Today marked a relatively new occasion on America’s event calendar, an event labeled in the lexicon as “Cyber Monday.” This is the day that online retailers, or the digital counterparts to physical stores, lure holiday shoppers in to spending their post-Thanksgiving dollars online with offers of free shipping, special discounts and the like. If you ask me, the deals are there to be had whether online or in stores regardless of specific days – it’s more a matter of whether you want to actually go get overwhelmed and fight the crowds or surf in the comfort of your own home. There are even mega shopping aggregators that tell you (via mobile apps now also) who has the best deal on an item, and online coupon code sites that save you the trouble of trying to find the catalog number or physical coupon in order to get the discount.
It’s all for naught, though, if the shopper can’t take the action that rings your cash register once they find your digital home and make their way to the goods or services they’re seeking – so I thought I’d share a couple of recent examples of where this can go awry.
My oldest son is in graduate school 1000 miles away, and he requested a couple of pair of specific boots from online retailers. He gave me the URL to the sites that carried them and supplied me with his color choices and size preference, after having gone to the store in the state where he’s residing to try them on. Sounded like an easy gig on my end – click on the URL, add the item to the cart, check out. It didn’t prove to be that simple.
Turned out the website for this retailer was beautiful – lots of Flash animation teasing me with all of their newest offerings and specials, categories laid out and offering me different roads to follow. But I knew exactly what I was after, and when I bypassed all of the hoopla and added the items to the cart, I couldn’t get the cart to turn over to the checkout page no matter how hard I tried. I kept getting re-routed back to the lovely, Flash-driven home page, where I could see the number of items in my cart tabbed out on the top of the window but, as they say Down East, “I couldn’t get thar from here.” Several attempts later, I resorted to the old-fashioned way and called the 800 number to ask a live person to help me. She was lovely and helpful, and my experience with the checkout cart didn’t seem unusual to her. The irony was that she even plugged in a coupon code from retailmenot.com for me and saved me 17 dollars on the purchase! Rather than call her, though, I might just as easily have gone to Dealcatcher or MySimon and purchased this brand name product from any number of other retailers. So what good was all that Flash?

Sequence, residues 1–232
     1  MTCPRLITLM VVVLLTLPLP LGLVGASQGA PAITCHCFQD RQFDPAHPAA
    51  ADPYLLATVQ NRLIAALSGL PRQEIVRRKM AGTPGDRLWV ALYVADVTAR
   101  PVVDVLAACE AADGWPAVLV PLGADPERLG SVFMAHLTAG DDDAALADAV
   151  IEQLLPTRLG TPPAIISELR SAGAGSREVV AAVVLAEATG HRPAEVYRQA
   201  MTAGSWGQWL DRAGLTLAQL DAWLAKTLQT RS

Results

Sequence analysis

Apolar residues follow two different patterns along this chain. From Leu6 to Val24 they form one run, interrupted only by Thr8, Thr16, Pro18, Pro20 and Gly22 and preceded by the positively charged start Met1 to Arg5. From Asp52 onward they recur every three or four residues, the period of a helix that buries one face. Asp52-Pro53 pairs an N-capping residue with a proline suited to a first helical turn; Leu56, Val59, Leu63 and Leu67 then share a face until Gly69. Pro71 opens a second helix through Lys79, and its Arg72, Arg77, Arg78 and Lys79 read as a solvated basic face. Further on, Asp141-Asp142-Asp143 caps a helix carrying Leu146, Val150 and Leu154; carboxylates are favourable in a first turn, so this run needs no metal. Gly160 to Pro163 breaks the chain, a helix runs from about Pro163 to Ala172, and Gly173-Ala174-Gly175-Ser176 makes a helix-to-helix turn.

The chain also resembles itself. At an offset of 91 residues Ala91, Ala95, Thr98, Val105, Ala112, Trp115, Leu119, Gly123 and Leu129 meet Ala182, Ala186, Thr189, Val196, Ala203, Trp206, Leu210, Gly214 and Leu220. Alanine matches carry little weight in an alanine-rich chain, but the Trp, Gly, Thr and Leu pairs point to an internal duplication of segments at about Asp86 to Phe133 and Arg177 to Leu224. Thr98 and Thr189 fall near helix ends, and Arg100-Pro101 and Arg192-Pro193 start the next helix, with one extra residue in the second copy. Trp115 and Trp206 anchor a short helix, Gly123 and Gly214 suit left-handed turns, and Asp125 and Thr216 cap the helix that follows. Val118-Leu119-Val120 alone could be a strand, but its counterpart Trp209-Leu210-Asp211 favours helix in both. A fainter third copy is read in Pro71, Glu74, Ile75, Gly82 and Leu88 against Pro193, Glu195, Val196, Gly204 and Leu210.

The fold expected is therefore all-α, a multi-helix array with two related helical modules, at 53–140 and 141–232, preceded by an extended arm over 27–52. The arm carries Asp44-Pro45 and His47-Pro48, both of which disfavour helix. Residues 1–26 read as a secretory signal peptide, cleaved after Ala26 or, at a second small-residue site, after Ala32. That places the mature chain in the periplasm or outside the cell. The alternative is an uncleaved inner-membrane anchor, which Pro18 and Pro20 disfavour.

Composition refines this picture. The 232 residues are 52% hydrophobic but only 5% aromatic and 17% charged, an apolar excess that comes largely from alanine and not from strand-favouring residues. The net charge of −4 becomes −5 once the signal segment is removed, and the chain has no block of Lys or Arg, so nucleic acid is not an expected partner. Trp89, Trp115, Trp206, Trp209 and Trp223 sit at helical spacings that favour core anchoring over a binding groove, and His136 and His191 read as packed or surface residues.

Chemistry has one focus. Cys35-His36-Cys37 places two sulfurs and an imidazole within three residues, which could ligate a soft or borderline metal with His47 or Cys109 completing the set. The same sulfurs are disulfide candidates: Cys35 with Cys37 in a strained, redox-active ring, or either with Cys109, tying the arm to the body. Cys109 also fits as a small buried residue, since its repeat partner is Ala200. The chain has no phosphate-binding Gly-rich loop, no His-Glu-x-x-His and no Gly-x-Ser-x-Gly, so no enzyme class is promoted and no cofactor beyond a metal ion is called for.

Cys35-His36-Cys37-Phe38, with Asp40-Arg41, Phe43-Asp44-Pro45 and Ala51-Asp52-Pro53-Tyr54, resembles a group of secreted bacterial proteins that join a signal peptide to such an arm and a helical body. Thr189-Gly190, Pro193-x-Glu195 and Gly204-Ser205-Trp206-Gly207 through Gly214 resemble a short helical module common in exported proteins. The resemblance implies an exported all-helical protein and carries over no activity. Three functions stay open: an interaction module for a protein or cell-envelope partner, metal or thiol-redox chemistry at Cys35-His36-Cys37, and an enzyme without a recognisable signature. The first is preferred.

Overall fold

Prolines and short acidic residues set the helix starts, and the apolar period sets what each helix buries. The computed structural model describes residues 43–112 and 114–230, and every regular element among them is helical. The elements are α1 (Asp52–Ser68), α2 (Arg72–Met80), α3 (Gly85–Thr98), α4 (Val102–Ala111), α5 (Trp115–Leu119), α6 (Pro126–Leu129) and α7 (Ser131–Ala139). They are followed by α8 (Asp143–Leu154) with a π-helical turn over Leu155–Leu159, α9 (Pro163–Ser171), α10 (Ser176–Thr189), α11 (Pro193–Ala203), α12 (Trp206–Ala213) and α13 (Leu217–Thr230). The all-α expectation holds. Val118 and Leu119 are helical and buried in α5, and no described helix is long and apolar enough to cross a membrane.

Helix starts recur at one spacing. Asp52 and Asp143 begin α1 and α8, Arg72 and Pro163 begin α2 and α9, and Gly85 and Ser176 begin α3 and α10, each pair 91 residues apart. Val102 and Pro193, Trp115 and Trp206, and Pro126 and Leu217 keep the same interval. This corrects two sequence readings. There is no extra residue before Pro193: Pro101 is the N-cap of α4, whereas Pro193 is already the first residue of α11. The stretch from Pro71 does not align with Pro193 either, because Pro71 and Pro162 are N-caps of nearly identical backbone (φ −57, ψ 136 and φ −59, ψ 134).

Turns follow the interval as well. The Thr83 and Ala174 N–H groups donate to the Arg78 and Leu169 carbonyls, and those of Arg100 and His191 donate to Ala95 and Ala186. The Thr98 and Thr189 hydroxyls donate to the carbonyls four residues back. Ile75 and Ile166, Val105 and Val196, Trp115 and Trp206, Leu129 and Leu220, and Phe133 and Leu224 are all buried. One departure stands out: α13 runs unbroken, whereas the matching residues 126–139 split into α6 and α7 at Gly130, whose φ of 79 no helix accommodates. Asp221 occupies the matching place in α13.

Then, in the very same week, I was asked by a client for whom I’m doing some contract work to chase down research done by business partners in the past in order to add it to an online knowledge base. Again, I knew the names and companies of the intended targets, but in as much as everyone in the organization I’m representing is relatively new to their position, I was lacking contact information. The solution would seem to be an easy one – find the companies’ websites, see if they list their staff online, or at the very least find the central phone numbers and call and inquire. What I found out is that a lot of companies that are dependent upon building client relationships seem to have laid off their receptionists, because several central voice-mail systems offered me alphabetic directories that, when the intended person’s name was not listed in them, sent me back through an endless loop with no information or live person to whom I could inquire about next appropriate contact etc.
Other companies went so far as to have fancy Flash animations with all of the faces of their staff members flowing nicely by like a river of smiling faces. Click on one of the faces and you get their bio but, alas, in every case that I tried, absolutely no contact information! Even the owner of a consulting company failed to have her business email or phone number listed on the same page as her bio. What good is the bio if I can’t follow up and give you my business? Is there some inherent fear that disaster will come from contact made using one’s business lines of communication these days? If so, then why bother with a website?
I suppose I could have gone to any number of social directories (actually I did in a few cases) and found the desired information a back way, but the point is this:
- Make it easy!
- easy to find you
- easy to contact you once I find you
- easy to take the action that brings money to your coffers in the form of goods sold or services rendered once I do find you
No amount of Flash or cuteness can compensate for the sale you are going to lose when I can’t check out with your products or contact your representatives with potential new business.
Lots of web designers recommend the book Don’t Make Me Think: A Common Sense Approach to Web Usability by Steve Krug. I purchased it a while back from an Amazon reseller, and perhaps Cyber Monday is a good day to go back and revisit it with these recent experiences in mind.
What transactional barriers have you encountered due to bad web design?